Military ballots: lost in the mail, or in partisan politics?

We’ve heard a lot of partisan squawking from Dino Rossi and his paranoid parrots on the right wing blogs, about corrupt Democrats trying to steal the gubernatorial election. And some of it is beginning to cross the line from mean to weird.

Over on (un)Sound Politics, our friend Stefan — angered that Snohomish County won’t deliver its voter registration database in a more convenient file format — has regressed to calling Auditor Bob Terwilliger a “snot nosed jerk.” Meanwhile, co-unSounder Jim Miller continues to calmly push his theory that Democrats stole the election through “distributed vote fraud,” a pseudo-scholarly term (coined by Jim) that relies on the thoroughly insulting premise:

6. Cheaters are more likely to be Democrats than Republicans.

Yeah… right, Jim. Way to add to the public debate.

Unfortunately, while both sides focus on partisan spin, we are missing an opportunity to address some bipartisan issues. For example, obscured in all the hyperbole over voter fraud and enhanced ballots, is the longtime problem of disenfranchised overseas military personnel.

As Robert Jamieson points out in his column in today’s Seattle P-I (“In the military, out of the ballot loop“) hundreds of military voters may have received their absentee ballots too late to vote. There was a lot of big talk from Republicans for a couple of days, about protecting the voting rights of our troops, but the issue seems to have been forgotten once the facts inconveniently got in the way of pinning the blame on evil Democrats. According to Jamieson:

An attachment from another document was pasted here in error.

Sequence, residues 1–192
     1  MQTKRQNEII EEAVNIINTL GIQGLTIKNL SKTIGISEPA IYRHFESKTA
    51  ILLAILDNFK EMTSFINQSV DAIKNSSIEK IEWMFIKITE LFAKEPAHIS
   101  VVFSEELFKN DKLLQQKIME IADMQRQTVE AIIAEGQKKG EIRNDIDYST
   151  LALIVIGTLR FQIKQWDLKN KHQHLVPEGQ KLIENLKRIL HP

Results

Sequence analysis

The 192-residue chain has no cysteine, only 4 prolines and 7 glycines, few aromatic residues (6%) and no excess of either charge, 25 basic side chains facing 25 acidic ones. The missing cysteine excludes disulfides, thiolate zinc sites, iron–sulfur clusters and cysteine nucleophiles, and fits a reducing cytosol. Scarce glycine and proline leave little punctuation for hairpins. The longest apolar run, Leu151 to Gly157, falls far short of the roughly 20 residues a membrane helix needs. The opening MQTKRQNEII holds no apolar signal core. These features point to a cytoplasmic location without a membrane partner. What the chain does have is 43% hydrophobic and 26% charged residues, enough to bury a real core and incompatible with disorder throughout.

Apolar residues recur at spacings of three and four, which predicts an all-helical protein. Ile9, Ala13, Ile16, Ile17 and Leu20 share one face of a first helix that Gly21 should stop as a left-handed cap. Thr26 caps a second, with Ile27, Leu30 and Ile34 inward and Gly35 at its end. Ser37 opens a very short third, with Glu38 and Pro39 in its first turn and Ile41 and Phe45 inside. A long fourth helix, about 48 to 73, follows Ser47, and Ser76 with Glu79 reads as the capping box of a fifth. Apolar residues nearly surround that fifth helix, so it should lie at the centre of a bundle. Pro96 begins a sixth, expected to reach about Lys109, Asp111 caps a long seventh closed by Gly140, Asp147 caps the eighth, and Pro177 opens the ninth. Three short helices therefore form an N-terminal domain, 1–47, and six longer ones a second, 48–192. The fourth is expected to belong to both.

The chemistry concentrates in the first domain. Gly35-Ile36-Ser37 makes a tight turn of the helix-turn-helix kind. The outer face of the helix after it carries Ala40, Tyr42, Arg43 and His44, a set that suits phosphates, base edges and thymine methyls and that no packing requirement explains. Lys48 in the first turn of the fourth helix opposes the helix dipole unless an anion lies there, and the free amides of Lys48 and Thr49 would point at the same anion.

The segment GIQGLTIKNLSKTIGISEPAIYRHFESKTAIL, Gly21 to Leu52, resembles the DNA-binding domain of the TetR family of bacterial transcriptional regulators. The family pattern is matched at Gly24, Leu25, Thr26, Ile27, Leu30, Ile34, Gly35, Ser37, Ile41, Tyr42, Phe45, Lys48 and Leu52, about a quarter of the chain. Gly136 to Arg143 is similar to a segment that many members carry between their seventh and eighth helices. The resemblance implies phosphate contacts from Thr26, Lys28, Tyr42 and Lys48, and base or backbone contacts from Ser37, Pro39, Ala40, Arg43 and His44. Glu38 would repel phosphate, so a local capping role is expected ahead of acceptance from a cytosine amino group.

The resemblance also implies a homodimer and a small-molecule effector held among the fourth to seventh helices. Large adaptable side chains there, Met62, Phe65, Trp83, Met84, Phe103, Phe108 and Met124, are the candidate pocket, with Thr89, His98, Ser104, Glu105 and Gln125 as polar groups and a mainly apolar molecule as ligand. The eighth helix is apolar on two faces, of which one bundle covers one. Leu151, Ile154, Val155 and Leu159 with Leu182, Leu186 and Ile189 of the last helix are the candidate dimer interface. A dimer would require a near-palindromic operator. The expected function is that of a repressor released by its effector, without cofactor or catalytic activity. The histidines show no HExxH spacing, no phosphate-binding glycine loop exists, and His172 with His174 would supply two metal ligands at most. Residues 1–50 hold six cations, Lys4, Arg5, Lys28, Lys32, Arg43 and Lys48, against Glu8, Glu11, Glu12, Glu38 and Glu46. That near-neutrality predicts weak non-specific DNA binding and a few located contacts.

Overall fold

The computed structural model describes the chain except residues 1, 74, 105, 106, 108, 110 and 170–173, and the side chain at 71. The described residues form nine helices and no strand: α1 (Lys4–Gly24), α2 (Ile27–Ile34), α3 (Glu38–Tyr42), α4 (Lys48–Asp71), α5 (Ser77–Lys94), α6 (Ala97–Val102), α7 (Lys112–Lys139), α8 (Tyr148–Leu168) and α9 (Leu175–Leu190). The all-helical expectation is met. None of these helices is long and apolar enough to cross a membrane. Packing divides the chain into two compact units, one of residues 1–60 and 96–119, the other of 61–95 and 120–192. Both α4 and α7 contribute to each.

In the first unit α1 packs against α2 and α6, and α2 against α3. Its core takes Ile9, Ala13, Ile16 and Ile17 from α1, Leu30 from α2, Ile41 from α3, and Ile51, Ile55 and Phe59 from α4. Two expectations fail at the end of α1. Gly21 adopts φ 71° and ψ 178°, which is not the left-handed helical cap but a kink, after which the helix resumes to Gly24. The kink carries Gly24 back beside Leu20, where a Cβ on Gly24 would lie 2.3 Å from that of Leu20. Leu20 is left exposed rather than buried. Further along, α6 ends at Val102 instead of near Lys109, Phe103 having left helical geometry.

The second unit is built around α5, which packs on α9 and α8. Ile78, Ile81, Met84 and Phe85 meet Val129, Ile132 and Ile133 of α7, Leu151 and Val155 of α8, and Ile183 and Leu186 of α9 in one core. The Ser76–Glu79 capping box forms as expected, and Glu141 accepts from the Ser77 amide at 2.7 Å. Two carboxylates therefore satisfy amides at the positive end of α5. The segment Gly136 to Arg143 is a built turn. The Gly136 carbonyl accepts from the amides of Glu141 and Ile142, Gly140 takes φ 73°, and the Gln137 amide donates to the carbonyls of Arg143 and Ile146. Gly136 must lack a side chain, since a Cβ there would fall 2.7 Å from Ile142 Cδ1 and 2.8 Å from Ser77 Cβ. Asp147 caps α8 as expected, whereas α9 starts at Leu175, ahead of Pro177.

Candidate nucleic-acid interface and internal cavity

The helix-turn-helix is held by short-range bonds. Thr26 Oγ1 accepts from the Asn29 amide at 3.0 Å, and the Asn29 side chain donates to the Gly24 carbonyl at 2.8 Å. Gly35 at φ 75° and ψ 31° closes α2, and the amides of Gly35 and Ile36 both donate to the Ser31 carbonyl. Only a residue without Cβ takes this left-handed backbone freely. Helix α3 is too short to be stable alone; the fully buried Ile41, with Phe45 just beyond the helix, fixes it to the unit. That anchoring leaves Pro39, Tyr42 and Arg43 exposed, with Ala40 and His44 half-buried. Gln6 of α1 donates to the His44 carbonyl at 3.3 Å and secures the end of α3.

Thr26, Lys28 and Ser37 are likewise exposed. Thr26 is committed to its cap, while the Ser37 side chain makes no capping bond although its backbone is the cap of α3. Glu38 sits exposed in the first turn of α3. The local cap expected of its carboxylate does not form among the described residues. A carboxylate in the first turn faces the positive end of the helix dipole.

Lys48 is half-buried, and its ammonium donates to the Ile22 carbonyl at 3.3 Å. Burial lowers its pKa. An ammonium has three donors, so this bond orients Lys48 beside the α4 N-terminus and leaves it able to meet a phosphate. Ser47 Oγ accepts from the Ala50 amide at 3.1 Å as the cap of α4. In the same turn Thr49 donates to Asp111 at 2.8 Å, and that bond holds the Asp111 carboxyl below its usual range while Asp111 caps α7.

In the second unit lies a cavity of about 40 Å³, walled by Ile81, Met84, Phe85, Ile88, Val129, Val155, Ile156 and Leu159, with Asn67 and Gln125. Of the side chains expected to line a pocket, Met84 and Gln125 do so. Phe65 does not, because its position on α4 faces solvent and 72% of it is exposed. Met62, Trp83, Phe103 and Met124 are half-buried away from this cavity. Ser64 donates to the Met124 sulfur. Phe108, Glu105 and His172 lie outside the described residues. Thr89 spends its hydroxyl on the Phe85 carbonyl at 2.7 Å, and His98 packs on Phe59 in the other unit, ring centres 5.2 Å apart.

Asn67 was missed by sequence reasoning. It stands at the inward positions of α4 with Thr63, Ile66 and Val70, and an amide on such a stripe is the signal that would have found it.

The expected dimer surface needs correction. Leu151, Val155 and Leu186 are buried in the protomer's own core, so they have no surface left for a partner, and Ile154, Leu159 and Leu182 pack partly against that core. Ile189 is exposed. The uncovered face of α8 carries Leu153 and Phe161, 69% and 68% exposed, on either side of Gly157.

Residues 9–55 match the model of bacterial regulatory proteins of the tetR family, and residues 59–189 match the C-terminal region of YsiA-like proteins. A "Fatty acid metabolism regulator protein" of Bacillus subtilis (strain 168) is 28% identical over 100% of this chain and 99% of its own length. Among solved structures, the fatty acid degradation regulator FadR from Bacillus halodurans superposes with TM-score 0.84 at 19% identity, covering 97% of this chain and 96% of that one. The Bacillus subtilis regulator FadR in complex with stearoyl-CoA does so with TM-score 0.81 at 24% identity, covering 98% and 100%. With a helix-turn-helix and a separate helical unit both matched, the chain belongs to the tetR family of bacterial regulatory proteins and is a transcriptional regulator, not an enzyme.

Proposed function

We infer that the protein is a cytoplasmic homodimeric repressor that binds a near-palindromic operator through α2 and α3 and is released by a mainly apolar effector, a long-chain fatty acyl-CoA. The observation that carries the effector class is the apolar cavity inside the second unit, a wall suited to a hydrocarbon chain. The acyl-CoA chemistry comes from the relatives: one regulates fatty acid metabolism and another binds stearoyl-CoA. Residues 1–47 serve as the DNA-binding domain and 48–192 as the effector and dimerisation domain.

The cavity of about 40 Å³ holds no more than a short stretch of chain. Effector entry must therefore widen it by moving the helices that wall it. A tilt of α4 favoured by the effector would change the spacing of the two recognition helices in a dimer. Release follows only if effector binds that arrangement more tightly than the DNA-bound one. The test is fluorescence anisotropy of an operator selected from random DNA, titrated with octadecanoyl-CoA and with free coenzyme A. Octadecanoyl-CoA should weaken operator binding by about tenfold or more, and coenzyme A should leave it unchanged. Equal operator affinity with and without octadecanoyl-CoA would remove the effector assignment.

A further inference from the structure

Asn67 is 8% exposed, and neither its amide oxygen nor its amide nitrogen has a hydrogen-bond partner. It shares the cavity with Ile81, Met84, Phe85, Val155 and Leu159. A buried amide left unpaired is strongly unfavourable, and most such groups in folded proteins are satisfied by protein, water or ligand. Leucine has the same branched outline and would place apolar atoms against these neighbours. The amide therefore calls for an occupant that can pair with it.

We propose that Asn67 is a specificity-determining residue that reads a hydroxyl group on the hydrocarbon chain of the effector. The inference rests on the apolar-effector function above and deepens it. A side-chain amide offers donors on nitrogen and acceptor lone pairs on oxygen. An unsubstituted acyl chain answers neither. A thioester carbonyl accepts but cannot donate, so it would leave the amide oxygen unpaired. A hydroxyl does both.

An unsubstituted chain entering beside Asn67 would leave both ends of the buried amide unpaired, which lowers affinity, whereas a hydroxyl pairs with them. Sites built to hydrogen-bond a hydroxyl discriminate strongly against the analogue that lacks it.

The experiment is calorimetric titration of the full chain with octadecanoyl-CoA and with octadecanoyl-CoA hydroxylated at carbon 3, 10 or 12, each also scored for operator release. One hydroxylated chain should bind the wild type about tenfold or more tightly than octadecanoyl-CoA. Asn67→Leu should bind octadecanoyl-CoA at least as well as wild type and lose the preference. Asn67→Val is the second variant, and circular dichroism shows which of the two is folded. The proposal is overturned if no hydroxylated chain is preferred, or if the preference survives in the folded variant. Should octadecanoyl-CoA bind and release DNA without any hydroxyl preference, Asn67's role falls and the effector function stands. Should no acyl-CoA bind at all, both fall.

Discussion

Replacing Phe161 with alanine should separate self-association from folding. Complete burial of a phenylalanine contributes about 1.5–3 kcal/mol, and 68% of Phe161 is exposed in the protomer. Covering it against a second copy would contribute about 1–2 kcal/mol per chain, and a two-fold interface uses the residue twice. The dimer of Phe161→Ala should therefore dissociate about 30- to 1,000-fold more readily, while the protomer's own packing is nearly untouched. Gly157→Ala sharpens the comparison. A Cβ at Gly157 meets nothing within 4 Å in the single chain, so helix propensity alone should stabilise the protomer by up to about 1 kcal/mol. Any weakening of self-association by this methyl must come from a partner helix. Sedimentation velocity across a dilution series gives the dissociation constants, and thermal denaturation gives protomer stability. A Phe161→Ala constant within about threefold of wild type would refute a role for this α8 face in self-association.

The Secretary of State’s Office tells me it hasn’t received even a trickle of complaints. Ballots were mailed out in time — on Oct. 8, more than three weeks before the election.

Delays or snafus could have occurred once the ballots hit the postal network or entered the military mail-handling system, conceded Pamela Floyd, assistant elections director for voter services.

She said military and overseas ballots are not subject to usual postmark rules; the ballots, provided they were signed and dated by Nov. 2, just had to arrive in a county elections office by Nov. 16, the day before certification.

That’s right, despite all the bluster we heard that malfeasance or incompetence on the part of (presumably Democratic) county officials had denied our troops the right to vote, it turns out that ballots statewide were sent out “in time.”

Unfortunately, “in time” isn’t timely enough.

While we certainly need to explore some technological solutions, I’m guessing that if the creative minds in both parties put as much effort into solving this problem as they do into propagandizing it, they just might come up with a simple, immediate fix, like… gee, I don’t know… mailing out the ballots a couple of weeks sooner? Of course, this would require moving our primary from September to the spring — like most of the rest of the nation — a change that has been resisted by legislators on both sides of the aisle.